Raphael's tablecloth -- the art of fakery False Impressions," by Thomas Hoving Simon & Schuster. 347 pages. $25


Art fakery has been pandemic since people first began fashioning objects of particular beauty. Greeks, Romans, Medieval and Renaissance man - they all did it. The 20th Century has offered a wild bazaar of the stuff. Even great artists indulged in it: Donatello, possibly Benvenuto Cellini. Raphael? One of the better stories relates to him.

Raphael, young and poor, was in a hotel with no money to pay the bill. So he painted a stack of coins on his hotel room table cloth. The glitter of the coins on the table delayed the owner long enough to allow the starving artist to make a getaway.

The problem is, Raphael never was poor and the incident never happened. But the "proof" of it still turns up now and then in art and antique shops: Raphael's painted tablecloth.

Fakes are everywhere. Consider the works of Frank X. Kelly, the man who taught the author of this book his first lessons in art forgery. Kelly's bright Monets, Cezannes, Renoirs still circulate in and out of respectable art dealerships; they find their way onto museum walls, into private collections. They are acquired by the not-so-knowing cognoscenti: rich collectors, museum curators, greedy speculators.

Thomas Hoving is a former director of the Metropolitan Museum of Art. He now writes novels and non-fiction works about the "art business." It is a universe he knows his way around. This is an anecdotal book, written to illuminate for the average reader (certainly not the expert, for whom much that's in it is probably familiar) one aspect of that universe - fakery. He succeeds in this, and also demonstrates how fakery brings out the worst in people - especially curators who are among its principal victims. They are often impulsive, and not so knowledgeable as they ought to be. Some engage in smuggling.

Despite the gravity of the subject, Mr. Hoving presents this survey of art fakery though the ages in a blithe confessional tone which gently pulls the reader along to the end. He describes himself as an artful "fakebuster." It takes years art study to become one, he says, and something else: another sense that makes the nose itch when it comes near a fake.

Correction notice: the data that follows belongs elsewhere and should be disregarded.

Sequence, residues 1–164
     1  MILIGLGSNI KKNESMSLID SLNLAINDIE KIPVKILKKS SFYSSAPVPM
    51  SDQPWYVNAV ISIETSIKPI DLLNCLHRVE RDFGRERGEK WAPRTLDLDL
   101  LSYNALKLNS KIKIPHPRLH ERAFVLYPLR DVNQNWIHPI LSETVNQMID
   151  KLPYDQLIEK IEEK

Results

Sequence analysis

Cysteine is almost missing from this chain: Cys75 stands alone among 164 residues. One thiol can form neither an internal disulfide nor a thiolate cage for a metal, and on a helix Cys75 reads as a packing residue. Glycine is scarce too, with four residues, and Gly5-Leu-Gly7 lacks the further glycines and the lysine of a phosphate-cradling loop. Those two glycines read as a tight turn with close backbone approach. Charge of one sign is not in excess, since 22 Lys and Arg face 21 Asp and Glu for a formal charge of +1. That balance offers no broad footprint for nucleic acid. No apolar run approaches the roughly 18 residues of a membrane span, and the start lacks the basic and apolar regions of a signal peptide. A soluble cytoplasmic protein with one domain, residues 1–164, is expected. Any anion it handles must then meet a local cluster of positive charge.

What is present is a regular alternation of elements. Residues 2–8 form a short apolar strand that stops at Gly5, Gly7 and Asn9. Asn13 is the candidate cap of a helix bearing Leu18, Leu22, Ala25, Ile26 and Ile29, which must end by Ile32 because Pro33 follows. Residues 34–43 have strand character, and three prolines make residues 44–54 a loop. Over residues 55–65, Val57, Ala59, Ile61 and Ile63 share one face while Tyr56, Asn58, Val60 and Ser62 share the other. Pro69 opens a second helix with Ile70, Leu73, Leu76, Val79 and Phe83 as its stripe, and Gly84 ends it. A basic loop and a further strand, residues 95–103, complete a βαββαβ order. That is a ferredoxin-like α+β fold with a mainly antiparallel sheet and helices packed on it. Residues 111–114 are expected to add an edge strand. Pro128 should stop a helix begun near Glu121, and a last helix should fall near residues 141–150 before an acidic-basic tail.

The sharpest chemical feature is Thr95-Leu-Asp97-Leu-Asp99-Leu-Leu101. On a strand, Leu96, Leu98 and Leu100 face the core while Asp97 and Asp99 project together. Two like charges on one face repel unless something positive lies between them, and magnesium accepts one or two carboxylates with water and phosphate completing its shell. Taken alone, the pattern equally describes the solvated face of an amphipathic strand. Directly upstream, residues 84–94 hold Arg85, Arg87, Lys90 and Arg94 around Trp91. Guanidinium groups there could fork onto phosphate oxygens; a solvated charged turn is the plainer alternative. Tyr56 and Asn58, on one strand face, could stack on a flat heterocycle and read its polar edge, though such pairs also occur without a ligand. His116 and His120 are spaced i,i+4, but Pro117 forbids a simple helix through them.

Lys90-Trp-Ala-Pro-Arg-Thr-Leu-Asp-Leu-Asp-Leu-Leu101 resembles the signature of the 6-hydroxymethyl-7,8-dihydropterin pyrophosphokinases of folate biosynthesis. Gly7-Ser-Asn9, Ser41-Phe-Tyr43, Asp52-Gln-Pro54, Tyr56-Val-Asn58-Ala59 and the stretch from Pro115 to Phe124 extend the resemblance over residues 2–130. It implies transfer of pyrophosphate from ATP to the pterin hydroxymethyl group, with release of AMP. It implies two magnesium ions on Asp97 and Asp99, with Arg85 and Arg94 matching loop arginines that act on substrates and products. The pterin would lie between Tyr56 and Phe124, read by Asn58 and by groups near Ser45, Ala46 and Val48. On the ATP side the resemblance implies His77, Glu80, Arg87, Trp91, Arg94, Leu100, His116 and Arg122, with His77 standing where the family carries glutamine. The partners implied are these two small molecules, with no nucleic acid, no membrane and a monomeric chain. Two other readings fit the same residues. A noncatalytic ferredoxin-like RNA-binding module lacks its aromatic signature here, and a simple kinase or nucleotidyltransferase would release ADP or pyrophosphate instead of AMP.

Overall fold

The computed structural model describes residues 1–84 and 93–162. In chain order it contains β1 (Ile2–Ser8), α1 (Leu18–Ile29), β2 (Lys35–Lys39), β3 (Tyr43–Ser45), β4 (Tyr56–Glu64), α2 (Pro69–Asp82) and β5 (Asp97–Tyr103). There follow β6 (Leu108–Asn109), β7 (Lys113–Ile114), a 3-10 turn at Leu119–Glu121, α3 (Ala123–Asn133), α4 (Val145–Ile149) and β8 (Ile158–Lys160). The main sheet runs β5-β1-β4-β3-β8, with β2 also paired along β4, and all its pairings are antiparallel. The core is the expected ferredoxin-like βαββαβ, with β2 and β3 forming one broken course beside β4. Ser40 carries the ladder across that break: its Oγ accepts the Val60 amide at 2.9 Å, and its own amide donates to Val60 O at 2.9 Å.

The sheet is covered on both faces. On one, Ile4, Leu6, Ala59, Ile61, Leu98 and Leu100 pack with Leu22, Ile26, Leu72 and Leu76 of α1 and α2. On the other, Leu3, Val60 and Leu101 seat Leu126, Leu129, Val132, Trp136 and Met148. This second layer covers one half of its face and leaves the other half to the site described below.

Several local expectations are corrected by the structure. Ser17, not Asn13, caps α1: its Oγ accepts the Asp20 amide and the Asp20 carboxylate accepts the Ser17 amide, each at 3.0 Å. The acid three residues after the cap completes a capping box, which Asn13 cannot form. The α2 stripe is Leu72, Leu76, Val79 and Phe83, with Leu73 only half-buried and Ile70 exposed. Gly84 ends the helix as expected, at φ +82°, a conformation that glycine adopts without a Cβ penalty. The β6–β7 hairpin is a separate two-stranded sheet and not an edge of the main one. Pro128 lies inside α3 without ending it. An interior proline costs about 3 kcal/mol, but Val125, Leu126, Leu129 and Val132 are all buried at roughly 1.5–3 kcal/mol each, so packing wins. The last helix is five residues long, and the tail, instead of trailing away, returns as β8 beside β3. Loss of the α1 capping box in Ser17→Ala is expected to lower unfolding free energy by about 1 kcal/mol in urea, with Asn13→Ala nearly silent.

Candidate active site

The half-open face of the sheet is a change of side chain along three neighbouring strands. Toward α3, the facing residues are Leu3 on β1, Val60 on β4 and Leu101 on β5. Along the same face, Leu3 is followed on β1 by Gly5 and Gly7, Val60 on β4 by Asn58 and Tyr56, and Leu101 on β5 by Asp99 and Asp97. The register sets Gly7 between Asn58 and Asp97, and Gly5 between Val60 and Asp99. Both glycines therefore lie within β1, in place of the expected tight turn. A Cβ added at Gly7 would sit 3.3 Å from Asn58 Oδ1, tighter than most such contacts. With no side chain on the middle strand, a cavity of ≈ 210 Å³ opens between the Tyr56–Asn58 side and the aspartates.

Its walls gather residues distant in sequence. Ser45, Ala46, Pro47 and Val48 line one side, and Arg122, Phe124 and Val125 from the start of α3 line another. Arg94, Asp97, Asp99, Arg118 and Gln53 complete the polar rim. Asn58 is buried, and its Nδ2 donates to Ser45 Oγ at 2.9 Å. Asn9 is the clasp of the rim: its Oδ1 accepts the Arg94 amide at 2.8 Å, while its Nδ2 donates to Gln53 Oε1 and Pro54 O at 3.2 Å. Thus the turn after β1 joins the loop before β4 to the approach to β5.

To his credit, he also admits that he too has contributed his share to the Met's basement full of counterfeits. He bought a fake Goya, a forged German-Gothic sculpture, a fraudulent enamel. He might have blown the Cloister's budget had he taken the final step toward the trap set by a patient German confidence man. But he was saved by the best defense mechanism of all: common sense, the sudden realization that the deal that's too good to be true always is.

Fakers inspire more than the obvious problems. Because they stimulate such assiduous efforts to root them out, many fine and genuine pieces are stained by suspicion.

Some may recall a drama in the late 1960s when the Met announced it had learned that the pride of its antiquities collection was a fraud: a bronze Greek horse from 470 BC was actually fashioned in the 20th Century. The forgery was detected by Joseph V. Noble, the curator who had earlier revealed a spectacular Etruscan forgery. The story hit the front pages. The museum was praised for its honesty. The horse was removed from view. A few years later, after further investigation, it was found to be genuine and quietly returned. There was no big story about that. After all, what might the curators have said: Oops! Sorry.

Richard O'Mara is a features writer for The Sun. For 12 years, he was foreign editor and before that, foreign correspondent in Europe and Latin America. He has written for the Virginia Quarterly Review and the Saturday Review.

Pub date 3/24/96

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